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the Thames, we have in The Gentle Shepherd plain Patie and Roger and a simple picture of domestic life:

At e'en when he comes weary frae the hill,
I'll hae a' things made ready to his will.
In Winter, when he toils thro' wind and rain,
A bleezing ingle, and a clean hearth-stane;
And soon as he flings by his plaid and staff,
The seething pat's be ready to take aff;
Clean hag-a-bag I'll spread upon his board,

And serve him wi’ the best we can afford.In such lines as these we feel that poetry has already found a new source of beauty and of power; that it has got back to something primary and fundamental.

James Thomson, whose name we have associated with Ramsay's as a pioneer of the new poetry, was a man of far greater influence, and one in whom the tendencies of the new literature were much more distinctly manifest. He was born in 1700, the year of Dryden's death, in the beautiful valley of the Tweed in the Scotch Lowlands. A year later his father removed to retired spot on the slopes of the Cheviot Hills. Here, in the most picturesque and romantic surroundings, the future poet of Nature passed his boyhood. His fondness for poetry showed itself early; and in 1725 he left the University of Edinburgh without taking his degree, and came to London. He published his great work, The Seasons, in 1730, a series of four poems on Winter, Summer, Spring, and Autumn. The Seasons begins a new era in the Nature poetry of England, and possibly of modern Europe. The great theme of the book is Nature herself, seen under the changing aspect of the four seasons. Thomson's poetry was a protest against the artificial life of the town, where

"Joyless Inhumanity pervades And petrifies the heart.”

Thomson was moved also by the sufferings of prisoners, and he commended the labors of the "generous band,"

“Who, touched with human woe, redressive searched

Into the horrors of the gloomy jail.” Collins and Gray. — From the time of the publication of The Seasons we find a growing delight in Nature and a further departure from the poetic style and spirit of Pope. The poets of this time look back to the classic, artificial school of Pope, and point forward to the more truly poetic school of Wordsworth, Scott, and Coleridge. As we proceed in the century, the romantic spirit, the element of “beauty with strangeness,” becomes stronger and more general. Towards the middle of the century this development is especially marked in the delicately musical Odes of WILLIAM COLLINS (1746), and in the immortal Elegy in a Country Churchyard of Thomas GRAY (1751). The poetry of both Collins and Gray is remarkable for lyrical melody, exquisite finish of workmanship, and sentiment. Collins had the finer and rarer lyrical gift, and the more purely imaginative mind. His passionate fondness for music is felt as a guiding instinct in his poetry; and his imagination carries us to strange lands, or paints vivid pictures of things abstract and unsubstantial. We see “Winter, yelling through the troublous air;” and “the haggard eye” and “hurried step" of Fear. In the Persian Eclogues, Collins turns to the Orient for poetic subjects. Although these eclogues lack the passionate enthusiasm of some of the Elizabethans for Oriental coloring, and much of the glamour of the land of pearls, silks, spices, and gold, they give us several real pictures of the east. In one of them a camel-driver, carrying his cruse of water and his scantily-filled scrip, shading his eyes from the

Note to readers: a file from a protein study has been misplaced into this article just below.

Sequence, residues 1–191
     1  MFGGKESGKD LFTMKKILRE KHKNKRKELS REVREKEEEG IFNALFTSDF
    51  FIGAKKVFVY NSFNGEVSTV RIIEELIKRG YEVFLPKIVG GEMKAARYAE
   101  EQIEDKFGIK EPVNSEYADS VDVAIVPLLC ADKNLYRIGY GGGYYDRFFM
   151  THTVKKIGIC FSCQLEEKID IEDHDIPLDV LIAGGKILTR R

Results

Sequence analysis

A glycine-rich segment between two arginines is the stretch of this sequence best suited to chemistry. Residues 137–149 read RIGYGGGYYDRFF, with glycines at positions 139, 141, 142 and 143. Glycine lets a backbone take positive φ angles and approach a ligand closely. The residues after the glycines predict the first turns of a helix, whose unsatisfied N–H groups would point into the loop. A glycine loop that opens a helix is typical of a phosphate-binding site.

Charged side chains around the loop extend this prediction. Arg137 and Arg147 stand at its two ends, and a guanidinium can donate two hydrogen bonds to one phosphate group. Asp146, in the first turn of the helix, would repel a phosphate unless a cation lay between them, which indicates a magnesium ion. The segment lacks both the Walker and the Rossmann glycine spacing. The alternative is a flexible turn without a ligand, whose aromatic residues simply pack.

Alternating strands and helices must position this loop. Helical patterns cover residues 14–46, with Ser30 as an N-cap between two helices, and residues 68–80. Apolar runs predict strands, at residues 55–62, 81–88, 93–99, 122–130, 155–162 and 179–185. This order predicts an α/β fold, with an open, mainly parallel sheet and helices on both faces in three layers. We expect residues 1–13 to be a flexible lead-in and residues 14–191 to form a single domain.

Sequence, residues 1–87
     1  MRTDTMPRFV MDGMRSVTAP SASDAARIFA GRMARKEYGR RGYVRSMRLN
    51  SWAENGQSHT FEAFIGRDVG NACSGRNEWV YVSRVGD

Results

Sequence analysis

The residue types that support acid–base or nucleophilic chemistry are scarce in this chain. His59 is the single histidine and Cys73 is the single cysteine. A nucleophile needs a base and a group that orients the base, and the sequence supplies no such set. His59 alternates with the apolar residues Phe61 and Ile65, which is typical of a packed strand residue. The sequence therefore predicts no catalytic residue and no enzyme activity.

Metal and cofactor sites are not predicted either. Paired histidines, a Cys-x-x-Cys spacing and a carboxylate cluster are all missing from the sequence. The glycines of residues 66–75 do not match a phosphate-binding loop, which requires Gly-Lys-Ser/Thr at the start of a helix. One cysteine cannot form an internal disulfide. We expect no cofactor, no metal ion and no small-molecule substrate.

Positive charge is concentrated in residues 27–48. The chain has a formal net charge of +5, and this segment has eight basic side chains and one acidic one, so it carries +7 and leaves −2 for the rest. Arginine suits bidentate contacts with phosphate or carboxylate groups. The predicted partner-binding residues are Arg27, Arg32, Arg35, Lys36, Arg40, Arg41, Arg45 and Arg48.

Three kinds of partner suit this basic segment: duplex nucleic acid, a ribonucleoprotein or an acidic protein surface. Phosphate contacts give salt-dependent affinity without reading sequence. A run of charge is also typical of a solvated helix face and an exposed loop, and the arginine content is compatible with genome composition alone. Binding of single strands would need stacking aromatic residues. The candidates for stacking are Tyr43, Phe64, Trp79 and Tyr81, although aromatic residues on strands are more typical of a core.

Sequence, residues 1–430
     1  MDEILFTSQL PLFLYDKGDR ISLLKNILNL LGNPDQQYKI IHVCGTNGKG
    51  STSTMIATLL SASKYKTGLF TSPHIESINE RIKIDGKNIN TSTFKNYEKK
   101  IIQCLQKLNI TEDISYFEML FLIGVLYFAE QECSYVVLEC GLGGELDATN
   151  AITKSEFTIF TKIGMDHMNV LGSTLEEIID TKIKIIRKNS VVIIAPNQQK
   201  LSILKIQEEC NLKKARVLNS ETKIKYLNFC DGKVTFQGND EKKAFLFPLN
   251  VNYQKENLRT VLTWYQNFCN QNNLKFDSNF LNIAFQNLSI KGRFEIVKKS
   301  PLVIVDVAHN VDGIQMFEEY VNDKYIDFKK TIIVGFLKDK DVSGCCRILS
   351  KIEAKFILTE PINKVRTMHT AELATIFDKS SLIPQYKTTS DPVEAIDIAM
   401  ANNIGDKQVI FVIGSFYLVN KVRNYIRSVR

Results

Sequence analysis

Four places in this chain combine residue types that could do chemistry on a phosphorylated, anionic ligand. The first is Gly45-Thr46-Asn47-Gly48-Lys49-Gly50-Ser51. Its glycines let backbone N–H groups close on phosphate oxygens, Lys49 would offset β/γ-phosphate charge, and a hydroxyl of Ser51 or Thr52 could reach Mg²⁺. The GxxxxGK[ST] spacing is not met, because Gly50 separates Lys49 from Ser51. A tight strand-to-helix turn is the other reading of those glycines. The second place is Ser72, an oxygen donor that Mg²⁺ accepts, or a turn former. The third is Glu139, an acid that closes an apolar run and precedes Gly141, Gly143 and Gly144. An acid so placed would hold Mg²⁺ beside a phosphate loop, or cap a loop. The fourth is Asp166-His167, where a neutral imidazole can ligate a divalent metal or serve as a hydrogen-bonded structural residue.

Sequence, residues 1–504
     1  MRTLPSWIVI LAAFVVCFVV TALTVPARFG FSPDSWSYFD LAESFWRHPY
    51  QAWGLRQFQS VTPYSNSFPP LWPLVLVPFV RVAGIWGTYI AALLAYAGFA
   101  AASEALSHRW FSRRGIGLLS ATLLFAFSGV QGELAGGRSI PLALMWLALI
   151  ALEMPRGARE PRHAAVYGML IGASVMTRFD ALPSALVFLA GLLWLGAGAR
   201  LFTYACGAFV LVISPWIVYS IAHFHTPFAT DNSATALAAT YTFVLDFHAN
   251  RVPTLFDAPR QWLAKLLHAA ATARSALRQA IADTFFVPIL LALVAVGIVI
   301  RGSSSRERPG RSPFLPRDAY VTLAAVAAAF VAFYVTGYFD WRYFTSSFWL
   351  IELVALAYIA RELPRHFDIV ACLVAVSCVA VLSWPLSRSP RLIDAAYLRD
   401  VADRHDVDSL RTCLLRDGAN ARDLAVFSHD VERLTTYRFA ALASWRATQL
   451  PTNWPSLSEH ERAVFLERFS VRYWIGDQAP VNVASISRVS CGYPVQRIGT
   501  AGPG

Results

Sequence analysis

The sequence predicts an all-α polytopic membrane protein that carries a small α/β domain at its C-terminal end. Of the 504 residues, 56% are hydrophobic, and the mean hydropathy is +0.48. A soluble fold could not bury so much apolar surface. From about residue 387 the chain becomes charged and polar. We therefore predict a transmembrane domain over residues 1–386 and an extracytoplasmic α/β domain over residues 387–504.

as he drives the caravan over the sandy plain,


regrets that he has left the quiet valleys and “the flowery mountain's side" to seek gain across the "dreary deserts;” and we are made to feel that for poetic sentiment the deserts of the east are less arid than the glades of Pope's Windsor Forest. Collins was attracted by mystery and splendor. Dr. Johnson says, he “delighted to roam through the meanders of enchantment, to gaze on the magnificence of golden palaces, to repose by the waterfalls of Elysian gardens.” In his Ode on the Popular Superstitions of the Highlands of Scotland, Collins shows his feeling for folk-lore and fairy-lore, and for the gloom and mystery of loch and mountain. In these new subjects, and in the “softly austere and simply tender gravity” found in some of the Odes, we see that poetry has advanced a long way indeed from the ideals of the so-called Classical School.